|dc.description.abstract||In recent years, superconducting circuits have come to the forefront of certain areas of physics. They have shown to be particularly useful in research related to quantum computing and information, as well as fundamental physics. This is largely because they provide a very flexible way to implement complicated quantum systems that can be relatively easily manipulated and measured. In this thesis we look at three different applications where superconducting circuits play a central role, and explore their classical and quantum dynamics and behavior.
The first part consists of studying the Casimir [Proc. K. Ned. Akad. Wet (1948)] and Casimir-Polder like [Physical Review 73, 4 (1948)]effects. These effects have been discovered in 1948 and show that under certain conditions, vacuum field fluctuations can mediate forces between neutral objects. In our work, we analyze analogous behavior in a superconducting system which consists of a stripline cavity with a DC-SQUID on one of its boundaries, as well as, in a Casimir-Polder case, a charge qubit coupled to the field of the cavity. Instead of a force, in the system considered here, we show that the Casimir and Casimir-Polder like effects are mediated through a circulating current around the loop of the boundary DC-SQUID. Using detailed analysis, we examine how the values of these currents change as we vary different physical circuit parameters. We show that for the set of physical parameters that can be easily obtained experimentally, the Casimir and Casimir-Polder currents can be of the order of 10^(-8) A and 10^(-13) A respectively.
In the second part, we theoretically model an experiment which was performed by Britton Plourde's group at Syracuse University, and which studied the transient dynamics of a nonlinear superconducting oscillator, based on a capacitively shunted DC-SQUID. Such DC-SQUID oscillators are used in many areas of physics and engineering, for example, as building blocks of amplifiers or qubits, qubit couplers, or as sensitive magnetic field detectors. In many of these situations, their steady state behavior is often considered, while in the experiment performed at Syracuse, of specific interest, was the response of a DC-SQUID oscillator to a short radiation that only briefly excited the system. In this thesis, we simulate this response at the experimental temperature, by numerically solving a set of classical stochastic differential equations that mimic the behavior of the circuit. This is done for different settings of the flux that is threaded through the DC-SQUID as well as different input pulse amplitudes. Furthermore, we briefly outline just how these kinds of brief excitations could be useful when applied in flux measurement protocols. We find that our simulations show good agreement with the experimentally obtained data.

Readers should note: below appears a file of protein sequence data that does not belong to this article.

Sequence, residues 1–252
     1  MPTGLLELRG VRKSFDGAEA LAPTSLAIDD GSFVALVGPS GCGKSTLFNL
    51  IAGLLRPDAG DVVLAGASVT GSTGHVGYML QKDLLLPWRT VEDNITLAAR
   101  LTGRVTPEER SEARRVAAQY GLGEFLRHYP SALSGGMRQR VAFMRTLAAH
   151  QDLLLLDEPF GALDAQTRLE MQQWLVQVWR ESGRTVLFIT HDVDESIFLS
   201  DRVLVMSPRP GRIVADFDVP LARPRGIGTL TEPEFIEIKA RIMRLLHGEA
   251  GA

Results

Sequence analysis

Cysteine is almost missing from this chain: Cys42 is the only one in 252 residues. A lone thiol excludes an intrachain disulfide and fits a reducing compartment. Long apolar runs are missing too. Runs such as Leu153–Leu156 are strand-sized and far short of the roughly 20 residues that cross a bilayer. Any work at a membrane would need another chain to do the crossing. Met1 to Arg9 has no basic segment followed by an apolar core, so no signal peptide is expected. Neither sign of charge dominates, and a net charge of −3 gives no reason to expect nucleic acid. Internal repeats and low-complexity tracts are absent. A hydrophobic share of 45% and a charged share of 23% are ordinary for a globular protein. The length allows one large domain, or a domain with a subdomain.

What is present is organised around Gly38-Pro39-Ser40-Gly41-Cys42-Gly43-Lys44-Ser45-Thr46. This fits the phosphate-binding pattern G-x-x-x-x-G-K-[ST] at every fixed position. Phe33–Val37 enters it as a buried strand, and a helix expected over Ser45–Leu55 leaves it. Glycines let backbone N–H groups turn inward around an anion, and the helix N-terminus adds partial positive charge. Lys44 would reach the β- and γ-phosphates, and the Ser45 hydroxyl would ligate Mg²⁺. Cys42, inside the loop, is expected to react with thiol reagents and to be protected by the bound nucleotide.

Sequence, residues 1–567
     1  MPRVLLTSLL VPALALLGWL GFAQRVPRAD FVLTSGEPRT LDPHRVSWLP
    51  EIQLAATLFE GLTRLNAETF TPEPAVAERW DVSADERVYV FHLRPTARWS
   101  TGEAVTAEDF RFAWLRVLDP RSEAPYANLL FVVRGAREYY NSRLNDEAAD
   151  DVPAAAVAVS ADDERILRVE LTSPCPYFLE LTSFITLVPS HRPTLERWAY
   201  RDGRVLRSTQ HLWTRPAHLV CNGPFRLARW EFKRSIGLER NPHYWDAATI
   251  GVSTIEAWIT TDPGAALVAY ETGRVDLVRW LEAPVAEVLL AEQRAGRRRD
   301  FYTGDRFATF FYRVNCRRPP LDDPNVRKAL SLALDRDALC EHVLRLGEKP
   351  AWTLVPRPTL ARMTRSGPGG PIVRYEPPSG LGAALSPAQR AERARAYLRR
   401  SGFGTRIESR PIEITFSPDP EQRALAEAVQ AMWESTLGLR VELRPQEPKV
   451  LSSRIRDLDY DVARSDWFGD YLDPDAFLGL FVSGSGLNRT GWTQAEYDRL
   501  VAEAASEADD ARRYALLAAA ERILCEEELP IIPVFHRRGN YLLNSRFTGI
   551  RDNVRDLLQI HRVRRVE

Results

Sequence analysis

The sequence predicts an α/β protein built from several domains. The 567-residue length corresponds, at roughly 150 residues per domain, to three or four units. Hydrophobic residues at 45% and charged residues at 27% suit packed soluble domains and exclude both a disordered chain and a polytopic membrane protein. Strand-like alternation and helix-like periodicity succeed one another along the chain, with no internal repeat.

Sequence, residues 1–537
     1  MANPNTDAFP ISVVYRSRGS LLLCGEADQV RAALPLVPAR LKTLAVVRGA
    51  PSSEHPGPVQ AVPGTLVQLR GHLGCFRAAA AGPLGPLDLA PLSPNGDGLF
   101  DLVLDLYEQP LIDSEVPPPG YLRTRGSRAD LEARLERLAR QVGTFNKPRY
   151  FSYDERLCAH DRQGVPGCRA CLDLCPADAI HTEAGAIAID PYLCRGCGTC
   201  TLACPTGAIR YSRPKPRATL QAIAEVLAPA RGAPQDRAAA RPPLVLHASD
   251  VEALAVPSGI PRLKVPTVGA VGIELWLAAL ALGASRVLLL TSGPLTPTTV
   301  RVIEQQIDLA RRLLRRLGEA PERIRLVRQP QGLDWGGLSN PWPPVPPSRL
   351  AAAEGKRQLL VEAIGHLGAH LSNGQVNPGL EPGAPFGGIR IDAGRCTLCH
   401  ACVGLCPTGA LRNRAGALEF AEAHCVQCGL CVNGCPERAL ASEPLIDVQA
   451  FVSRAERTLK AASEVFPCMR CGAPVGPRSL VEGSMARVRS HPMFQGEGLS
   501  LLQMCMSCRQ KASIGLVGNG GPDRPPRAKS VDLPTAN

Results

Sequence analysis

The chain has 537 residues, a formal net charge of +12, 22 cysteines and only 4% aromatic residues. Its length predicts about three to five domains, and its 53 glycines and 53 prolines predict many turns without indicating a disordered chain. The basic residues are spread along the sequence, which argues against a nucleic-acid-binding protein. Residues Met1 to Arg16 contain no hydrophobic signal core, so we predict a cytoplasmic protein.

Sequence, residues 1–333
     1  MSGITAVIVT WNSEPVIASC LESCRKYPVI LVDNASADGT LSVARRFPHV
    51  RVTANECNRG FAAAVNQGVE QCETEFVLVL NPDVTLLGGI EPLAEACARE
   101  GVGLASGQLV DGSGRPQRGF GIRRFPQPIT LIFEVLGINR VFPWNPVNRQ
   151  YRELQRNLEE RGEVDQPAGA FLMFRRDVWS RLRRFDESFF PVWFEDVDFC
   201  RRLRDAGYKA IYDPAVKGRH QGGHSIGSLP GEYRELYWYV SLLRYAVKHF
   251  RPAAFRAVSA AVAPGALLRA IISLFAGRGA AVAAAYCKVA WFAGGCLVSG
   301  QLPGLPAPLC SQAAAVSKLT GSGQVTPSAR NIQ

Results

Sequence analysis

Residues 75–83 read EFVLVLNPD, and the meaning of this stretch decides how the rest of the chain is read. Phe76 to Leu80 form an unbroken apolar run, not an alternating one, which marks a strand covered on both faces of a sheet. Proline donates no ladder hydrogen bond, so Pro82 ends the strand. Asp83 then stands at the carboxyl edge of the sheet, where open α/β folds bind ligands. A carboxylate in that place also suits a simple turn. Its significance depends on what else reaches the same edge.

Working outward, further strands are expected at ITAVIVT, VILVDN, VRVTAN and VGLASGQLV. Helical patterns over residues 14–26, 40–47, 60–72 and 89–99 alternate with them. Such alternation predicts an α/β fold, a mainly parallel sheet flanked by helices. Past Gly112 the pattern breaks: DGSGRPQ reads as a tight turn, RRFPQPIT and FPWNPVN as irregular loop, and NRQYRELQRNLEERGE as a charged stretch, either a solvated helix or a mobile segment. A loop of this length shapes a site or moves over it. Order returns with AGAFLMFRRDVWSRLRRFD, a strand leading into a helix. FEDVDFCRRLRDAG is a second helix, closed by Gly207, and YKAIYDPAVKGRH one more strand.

The final part considered in this thesis, looks at the dynamics of a qubit coupled to a measuring probe, which is modeled as a harmonic oscillator. An example superconducting circuit, that could be used to implement such a setup, consists of a flux qubit inductively coupled to a DC-SQUID. This measurement scenario has already been explored in [Phys. Rev. B 78, 5 (2008)], but there, the authors only consider very short interaction times between the DC-SQUID and the qubit. Here, in contrast, we concentrate our efforts on studying the evolution of qubit as the measurement takes place, by solving the corresponding Lindblad master equation, but over longer measurement times. This is done by calculating the measurement induced dephasing rate of the qubit, as well as, discussing its sometimes present effective relaxation, in regimes where the measurement is considered to not be quantum non-demolition (QND). Finally, we briefly explore how well a potentially complicated evolution of the qubit can be approximated as a very simple Kraus map.||en